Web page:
Mentoring programs do not necessarily need to follow guidelines to the letter; research on social programs suggests that implementation can diverge and be customized as much as 40 percent from overarching guidelines and still achieve intended outcomes. However, making such determinations requires that programs actually specify and measure what they are doing in the first place.
In a new study–highlighted in this issue–researcher Mike Lyons and his colleagues specified how conversation topics between mentors and mentees led to different outcomes. Their findings are interesting, and draw attention to the need to continue to study the particulars of mentoring interventions in greater depth.
The road ahead: The promise of task shifting, stepped care, and paraprofessional mentoring
August 18, 2021
by Jean Rhodes
As millions of children and adolescents cope with COVID-related loss, disruption, and social isolation, the demand for mental health services, including those provided by psychologists, counselors, and social workers, are expected to vastly exceed the supply. Even before the pandemic, less than a third of children and adolescents who needed mental health and related care actually received any services, most of which were not empirically supported. These rates are even lower in ethnic minority populations. In a new article in the American Journal of Community Psychology, summarized in this issue, Sam McQuillin, Alexandra Werntz, Matthew Hagler, and I propose a framework for paraprofessional youth mentors, defined as “a subgroup of professionally supervised, non-expert volunteer or paid mentors to whom aspects of professional helping tasks are delegated.” As we note, drawing on mentors to provide paraprofessional care will help narrow service gaps. The fact is that, even if every professional who provided youth services worked around the clock, there would simply never be enough of them to meet the needs of today’s youth. Most professional mental health workers earn graduate degrees and professional licenses that require several years of study and certification and their specialized services are in high demand. Many youth-serving mental health facilities are at capacity and have long waiting lists, and annual rates of staff turnover in the child- and adolescent-serving mental health workforce exceed 50%.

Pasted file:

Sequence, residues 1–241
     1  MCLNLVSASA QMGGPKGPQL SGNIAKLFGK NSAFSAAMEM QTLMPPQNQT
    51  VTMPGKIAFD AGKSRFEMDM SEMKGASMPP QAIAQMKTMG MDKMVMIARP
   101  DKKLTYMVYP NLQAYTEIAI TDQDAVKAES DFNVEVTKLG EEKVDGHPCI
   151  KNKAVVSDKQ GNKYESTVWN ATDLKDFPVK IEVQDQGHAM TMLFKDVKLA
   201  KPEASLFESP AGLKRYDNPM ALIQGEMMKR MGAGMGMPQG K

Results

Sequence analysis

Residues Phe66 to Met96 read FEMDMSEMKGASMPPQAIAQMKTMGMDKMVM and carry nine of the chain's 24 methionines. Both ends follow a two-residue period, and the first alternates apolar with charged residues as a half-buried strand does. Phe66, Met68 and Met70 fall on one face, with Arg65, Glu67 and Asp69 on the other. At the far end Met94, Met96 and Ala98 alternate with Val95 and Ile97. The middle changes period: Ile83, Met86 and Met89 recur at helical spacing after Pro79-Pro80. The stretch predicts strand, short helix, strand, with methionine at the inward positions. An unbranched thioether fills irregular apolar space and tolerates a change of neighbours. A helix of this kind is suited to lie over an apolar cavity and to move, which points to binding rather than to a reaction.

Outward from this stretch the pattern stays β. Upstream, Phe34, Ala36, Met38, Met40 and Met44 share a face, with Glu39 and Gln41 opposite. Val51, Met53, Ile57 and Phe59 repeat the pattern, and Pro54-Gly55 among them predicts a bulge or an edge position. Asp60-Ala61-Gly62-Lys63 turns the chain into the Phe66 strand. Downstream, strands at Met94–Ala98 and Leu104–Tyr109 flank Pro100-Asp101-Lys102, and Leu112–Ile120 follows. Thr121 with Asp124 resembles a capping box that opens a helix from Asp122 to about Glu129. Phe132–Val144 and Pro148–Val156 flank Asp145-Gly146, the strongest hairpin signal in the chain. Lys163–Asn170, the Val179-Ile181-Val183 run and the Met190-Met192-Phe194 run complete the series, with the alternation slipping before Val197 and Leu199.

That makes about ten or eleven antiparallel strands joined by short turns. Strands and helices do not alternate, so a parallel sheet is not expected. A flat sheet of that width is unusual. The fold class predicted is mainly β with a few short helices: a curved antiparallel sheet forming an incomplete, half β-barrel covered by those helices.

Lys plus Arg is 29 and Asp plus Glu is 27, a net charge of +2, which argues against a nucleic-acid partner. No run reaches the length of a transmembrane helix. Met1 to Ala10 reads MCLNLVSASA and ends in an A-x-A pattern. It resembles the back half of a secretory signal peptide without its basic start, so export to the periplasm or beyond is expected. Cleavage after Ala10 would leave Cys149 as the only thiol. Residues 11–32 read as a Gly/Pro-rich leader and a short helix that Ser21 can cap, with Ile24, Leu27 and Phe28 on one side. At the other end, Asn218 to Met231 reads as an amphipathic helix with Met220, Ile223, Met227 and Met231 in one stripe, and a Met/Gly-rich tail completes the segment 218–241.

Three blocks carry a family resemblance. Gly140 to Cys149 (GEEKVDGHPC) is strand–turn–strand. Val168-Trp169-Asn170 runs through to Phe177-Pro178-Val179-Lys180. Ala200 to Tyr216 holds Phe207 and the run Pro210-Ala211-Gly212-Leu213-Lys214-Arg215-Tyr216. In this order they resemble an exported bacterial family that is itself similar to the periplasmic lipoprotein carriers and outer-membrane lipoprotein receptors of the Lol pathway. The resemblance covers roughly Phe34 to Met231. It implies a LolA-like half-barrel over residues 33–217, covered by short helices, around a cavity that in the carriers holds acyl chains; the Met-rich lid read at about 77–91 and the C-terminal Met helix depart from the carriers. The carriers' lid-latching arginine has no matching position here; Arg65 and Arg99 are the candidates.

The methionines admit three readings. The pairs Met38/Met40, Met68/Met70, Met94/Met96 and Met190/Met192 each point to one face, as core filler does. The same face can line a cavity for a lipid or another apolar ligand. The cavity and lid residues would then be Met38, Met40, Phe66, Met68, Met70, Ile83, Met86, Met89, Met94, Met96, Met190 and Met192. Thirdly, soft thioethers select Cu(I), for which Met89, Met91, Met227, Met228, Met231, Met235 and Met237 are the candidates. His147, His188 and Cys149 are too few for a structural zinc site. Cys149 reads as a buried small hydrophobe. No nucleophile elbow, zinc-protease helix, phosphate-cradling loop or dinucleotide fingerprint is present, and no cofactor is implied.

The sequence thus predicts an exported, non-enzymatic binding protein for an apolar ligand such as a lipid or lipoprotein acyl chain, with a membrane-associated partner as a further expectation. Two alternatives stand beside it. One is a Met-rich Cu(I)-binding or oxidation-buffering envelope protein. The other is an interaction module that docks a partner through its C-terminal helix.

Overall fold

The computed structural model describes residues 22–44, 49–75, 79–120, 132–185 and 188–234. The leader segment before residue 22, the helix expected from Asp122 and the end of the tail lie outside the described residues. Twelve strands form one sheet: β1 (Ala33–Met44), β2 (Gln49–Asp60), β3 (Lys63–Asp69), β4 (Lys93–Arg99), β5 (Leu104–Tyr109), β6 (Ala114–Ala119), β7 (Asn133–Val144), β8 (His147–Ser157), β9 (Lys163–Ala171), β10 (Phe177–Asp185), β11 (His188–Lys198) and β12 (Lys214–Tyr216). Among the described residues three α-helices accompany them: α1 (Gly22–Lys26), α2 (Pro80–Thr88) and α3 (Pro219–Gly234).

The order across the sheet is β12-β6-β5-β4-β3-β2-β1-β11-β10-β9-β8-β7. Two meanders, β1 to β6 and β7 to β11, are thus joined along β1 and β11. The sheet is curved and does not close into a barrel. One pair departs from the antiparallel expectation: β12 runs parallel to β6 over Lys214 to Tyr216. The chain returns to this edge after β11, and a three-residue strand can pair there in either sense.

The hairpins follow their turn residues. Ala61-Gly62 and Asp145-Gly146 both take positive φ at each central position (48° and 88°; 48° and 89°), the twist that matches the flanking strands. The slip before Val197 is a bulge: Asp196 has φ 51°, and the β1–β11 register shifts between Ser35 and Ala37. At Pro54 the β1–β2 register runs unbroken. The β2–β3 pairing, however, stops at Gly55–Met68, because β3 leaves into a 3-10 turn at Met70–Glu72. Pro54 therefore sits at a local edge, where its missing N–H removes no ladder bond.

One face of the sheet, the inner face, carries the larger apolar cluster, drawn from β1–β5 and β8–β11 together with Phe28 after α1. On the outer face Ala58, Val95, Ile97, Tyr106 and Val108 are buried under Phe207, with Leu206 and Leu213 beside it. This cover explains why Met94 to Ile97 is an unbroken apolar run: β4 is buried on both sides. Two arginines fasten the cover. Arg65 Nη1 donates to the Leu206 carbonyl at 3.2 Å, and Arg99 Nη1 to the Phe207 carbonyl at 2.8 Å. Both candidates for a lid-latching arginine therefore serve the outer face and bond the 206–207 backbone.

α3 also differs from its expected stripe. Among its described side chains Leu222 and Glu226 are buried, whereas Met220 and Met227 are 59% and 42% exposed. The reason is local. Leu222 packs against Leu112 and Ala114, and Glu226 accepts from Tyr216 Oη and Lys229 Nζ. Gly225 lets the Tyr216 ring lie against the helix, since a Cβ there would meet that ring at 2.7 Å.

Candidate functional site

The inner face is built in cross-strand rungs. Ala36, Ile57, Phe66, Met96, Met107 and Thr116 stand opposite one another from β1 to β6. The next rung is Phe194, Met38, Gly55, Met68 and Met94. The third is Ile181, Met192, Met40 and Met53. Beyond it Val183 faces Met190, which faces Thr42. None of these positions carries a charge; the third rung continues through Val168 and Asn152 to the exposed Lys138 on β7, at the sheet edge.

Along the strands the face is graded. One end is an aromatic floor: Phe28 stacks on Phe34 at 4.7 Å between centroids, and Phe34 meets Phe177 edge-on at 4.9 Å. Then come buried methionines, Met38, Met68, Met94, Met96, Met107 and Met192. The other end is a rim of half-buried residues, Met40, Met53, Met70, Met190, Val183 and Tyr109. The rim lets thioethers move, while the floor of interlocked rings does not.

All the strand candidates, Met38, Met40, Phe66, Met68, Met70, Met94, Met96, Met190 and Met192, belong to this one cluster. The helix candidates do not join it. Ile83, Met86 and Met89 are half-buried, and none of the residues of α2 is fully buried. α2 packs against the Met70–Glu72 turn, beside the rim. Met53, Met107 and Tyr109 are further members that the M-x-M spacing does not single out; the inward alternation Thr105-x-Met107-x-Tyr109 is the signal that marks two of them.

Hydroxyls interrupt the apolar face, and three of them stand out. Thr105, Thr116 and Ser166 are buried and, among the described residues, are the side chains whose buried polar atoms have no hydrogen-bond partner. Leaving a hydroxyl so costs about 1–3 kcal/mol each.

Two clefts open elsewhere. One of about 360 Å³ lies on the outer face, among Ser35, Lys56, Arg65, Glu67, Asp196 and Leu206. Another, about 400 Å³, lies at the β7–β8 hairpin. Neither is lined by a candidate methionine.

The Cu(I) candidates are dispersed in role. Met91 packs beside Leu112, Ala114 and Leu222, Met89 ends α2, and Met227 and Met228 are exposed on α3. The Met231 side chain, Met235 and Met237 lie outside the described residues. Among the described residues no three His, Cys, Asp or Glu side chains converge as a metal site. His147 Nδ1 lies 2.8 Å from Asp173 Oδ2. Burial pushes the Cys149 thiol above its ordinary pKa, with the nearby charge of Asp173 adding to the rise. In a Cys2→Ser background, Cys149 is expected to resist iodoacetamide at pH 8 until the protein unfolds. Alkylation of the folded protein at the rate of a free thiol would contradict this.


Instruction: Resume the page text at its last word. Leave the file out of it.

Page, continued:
These shortages, as well as both attitudinal issues (e.g., concerns about stigma, cultural insensitivity, low treatment effectiveness) and structural issues (e.g., cost, transportation, time, and access), have created overwhelming barriers for many parents who are seeking professional care for their children. Yet, left untreated, many of the early social, emotional, behavioral, and academic struggles that emerge in childhood and adolescence grow more complicated and difficult to resolve. One solution is for youth to first work with paraprofessionals and then step up to more intensive professional services as needed. This gap will only widen unless there are substantial structural changes in how mental health services are provided. Mentors are well-positioned to help.